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The Curse of Manual Scavenging

Data reveals that there have been over 900 manual scavenger deaths in India, between 1993 and 2020 and over 400 First Information Reports (“FIR”) registered for manual scavenger deaths in India during the same tenure.

It was in my school-going days that I witnessed heaps of black, sludge-like, unbearably stinky substance resting on the footpaths, beside grilled drains, every five to ten meters apart. The most our then innocent mind told us to do was change the track and reach school from the other side of the road. Little did we knew certain people get inside these drains, without any protective gear and remove these sludge-like substances with their bare hands. Little do we acknowledge, that even today, the day when 5 trillion economy is just happening tomorrow and when ache din is just one month away from today, some people still continue to clean the gutters, manholes and storm drains with their bare hands. These people are called manual scavengers.

The Prohibition of Employment as Manual Scavengers and their Rehabilitation Act 2013 (“2013 Act”) defines a manual scavenger as a person engaged or employed by an individual or a local authority or an agency or a contractor, for manually cleaning, carrying, disposing of, or otherwise handling in any manner, human excreta in an insanitary latrine or an open drain or pit into which the human excreta from the insanitary latrines is disposed of, or on a railways track or in such other spaces or premises.

In the given time, we humans are at an epitome of achievement. Technologies making our life easier every day. Silicon Valley-based companies launching cool gadgets every year and preteenagers waiting for their parents to surprise them on an annual basis. Life is good for us. Though, we very conveniently forget or rather ignore that life is not good for everyone. Someone, somewhere with little or no aspiration left, is getting ready to get inside a storm drain, to clean sludge with their bare hands. What about them? Comes our esteemed governments, throughout time to prove their incompetence on even coming near to outlaw manual scavenging or either engaging technology/equipment in getting the work done.

The ‘sturdy on paper’ 2013 Act, aims at rehabilitating manual scavengers and has provisions of stricter penalties on the violation. However, just a few lines below, the 2013 Act also opportunely conveys that in case of emergency, a person (manual scavengers) may enter (gutters, manholes, and storm drains, etc.) after taking necessary precautions, thereby completely contradicting their very attempt to nullify this despicable job. We elect our government on the basis of their manifestos, and, so badly we have failed in providing justice to manual scavengers dying every year from cleaning detrimental and damning filth and sludge.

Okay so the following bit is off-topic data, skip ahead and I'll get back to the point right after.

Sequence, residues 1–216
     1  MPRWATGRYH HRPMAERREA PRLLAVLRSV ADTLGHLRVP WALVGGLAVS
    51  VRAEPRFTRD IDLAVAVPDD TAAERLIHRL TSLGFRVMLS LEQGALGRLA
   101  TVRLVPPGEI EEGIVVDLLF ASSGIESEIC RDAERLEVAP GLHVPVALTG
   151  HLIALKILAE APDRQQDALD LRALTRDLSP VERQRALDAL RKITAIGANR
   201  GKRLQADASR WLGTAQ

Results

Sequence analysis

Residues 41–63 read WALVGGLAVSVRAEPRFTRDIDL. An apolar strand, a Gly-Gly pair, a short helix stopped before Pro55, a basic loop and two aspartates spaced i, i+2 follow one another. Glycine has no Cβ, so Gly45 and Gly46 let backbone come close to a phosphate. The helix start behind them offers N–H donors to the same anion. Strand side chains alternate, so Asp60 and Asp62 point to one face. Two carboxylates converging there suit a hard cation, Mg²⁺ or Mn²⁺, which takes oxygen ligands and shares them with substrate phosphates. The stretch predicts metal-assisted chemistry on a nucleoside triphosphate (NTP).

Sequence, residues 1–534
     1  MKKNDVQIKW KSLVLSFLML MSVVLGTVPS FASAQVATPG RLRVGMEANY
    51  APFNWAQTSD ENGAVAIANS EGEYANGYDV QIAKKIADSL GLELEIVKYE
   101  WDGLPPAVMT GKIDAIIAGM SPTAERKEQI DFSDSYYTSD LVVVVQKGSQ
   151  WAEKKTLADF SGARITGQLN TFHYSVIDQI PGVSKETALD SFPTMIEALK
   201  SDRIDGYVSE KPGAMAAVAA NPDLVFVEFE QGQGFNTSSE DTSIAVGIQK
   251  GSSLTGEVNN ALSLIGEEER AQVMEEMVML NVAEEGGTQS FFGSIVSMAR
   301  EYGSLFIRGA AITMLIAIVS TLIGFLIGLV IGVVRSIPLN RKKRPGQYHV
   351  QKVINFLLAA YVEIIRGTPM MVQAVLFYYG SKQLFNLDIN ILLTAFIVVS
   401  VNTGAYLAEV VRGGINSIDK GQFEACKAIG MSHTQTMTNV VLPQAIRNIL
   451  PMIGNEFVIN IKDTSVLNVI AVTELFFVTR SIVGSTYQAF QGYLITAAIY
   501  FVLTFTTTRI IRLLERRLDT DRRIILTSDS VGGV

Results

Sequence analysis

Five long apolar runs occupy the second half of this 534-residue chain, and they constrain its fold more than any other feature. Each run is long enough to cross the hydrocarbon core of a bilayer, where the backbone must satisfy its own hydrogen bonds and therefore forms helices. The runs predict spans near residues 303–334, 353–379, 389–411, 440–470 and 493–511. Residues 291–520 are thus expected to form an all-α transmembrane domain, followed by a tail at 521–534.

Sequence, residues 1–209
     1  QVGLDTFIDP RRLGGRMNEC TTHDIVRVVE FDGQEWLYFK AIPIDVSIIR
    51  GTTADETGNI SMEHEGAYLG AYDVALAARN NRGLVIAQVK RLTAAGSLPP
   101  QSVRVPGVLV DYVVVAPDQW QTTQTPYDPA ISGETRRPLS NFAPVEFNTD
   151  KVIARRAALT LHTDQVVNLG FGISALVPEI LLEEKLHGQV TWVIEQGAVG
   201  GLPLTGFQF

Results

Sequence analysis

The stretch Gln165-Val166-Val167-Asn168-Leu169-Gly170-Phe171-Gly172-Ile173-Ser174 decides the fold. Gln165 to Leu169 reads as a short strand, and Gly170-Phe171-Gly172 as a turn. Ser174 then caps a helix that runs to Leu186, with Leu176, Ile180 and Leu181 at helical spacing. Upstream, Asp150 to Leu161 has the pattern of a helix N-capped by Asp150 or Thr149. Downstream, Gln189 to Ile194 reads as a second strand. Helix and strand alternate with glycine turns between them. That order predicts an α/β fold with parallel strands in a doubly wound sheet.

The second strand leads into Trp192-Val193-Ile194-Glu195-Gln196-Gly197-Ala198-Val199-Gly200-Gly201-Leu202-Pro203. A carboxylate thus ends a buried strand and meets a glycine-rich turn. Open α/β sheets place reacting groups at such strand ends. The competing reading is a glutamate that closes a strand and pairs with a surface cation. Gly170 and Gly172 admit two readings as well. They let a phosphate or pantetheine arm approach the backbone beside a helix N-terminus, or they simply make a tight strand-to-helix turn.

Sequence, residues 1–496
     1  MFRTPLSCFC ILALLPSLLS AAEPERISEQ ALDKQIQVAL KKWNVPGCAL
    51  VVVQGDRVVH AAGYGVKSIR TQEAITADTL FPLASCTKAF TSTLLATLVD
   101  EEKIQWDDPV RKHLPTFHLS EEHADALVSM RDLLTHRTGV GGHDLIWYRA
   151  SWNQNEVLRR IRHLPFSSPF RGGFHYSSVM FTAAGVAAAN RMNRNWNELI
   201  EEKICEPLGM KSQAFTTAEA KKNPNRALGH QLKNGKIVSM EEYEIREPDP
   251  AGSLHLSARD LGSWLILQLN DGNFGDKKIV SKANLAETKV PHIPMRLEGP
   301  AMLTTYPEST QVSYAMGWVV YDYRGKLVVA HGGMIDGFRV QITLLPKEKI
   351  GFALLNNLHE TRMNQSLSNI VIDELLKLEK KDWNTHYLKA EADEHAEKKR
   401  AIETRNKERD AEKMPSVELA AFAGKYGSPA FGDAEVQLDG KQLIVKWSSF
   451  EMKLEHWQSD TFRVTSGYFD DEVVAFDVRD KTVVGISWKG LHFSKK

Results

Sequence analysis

The sludge has its share of poisonous history behind its formation. It consists of hazardous industrial wastes, medical wastes, carcinogenic chemicals, decomposed fecal materials, decomposed dead animals, scores of bacteria, including E-Coli, and stagnation leads to the formation of toxic fumes, including hydrogen sulfide, methane, carbon monoxide, and carbon dioxide. On any fine day, the combination of hypoxia and any of these toxic gases are enough to cause death. For manual scavengers not dying of suffocation, undergo prolong anguish suffering from various diseases, including, tuberculosis, malaria, and dengue.

Data reveals that there have been over 900 manual scavenger deaths in India, between 1993 and 2020 and over 400 First Information Reports (“FIR”) registered for manual scavenger deaths in India during the same tenure.

However, to our mere surprise, nothing significant has been done yet.

Not very long ago, people of certain caste were evidently imposed with the job of decontaminating the villages and cleaning other’s fecal remains. Not so civilized ancestors named them as ‘achhut’ or ‘polluted people’. Gone are those days, and we gained tonnes of consciousness and now call them ‘safai karmachari’. However, strikingly similar remains their caste and us lot have never been so conscious or educated to acknowledge that. The majority of it all starts, not with how educated you are, or which part of the city you live in, it always starts with caste, and abolishing the systematic oppression of people of certain caste solves half this problem.

Casting the magic of modern engineering marvels on making drainage systems that do not get clogged and having in place suction machines to clean them on eventual clogging is also a solution. Our country has enough minds and money to solve this problem within a month, having the willingness to do so. Always acknowledge that our collective ignorance is making someone inhale poisonous fumes, eventually killing them, and making someone clean toxic sludge with their bare hands. Always remember.

Further Reads:

We Must Stop Being Witnesses To Manual Scavenging by Vijayasai Reddy, September 08, 2020

Manual Scavengers: Existing In The Shade by Bhitush Luthra, Harsh Yadava, and Shrutaswinee Hazarika, July 1, 2020

Data: Manual Scavenging Exists In India Despite Being Outlawed In 2013 by Sumant Sen, September 25, 2019

Over 20,500 Manual Scavengers Identified In India: Survey, October 2, 2018

How Do Other Countries Clean Their Sewers And Is There Something India Can Learn From Them? by Vijayta Lalwani, September 23, 2018

Manual Scavenging: A Stinking Legacy Of Suffocation And Stigma by Subhojit Goswami, September 11, 2018

Trapped In Manual Scavenging by Ritwika Mitra, August 12, 2018

After 25 Years Of Broken Promises, India is Counting its Manual Scavengers. Again. by Jahnavi Sen June 4, 2018

The views and opinions expressed by the writer are personal and do not necessarily reflect the official position of VOM.
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